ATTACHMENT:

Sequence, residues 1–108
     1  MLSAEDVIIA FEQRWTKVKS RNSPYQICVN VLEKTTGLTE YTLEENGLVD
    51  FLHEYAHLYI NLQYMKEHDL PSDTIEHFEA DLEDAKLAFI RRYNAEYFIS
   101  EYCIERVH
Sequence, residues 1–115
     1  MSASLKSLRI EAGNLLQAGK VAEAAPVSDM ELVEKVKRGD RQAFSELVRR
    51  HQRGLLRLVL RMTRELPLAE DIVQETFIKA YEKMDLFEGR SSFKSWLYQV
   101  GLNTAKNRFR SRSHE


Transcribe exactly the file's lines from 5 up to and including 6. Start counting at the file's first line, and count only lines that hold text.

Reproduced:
Sequence, residues 1–115
     1  MSASLKSLRI EAGNLLQAGK VAEAAPVSDM ELVEKVKRGD RQAFSELVRR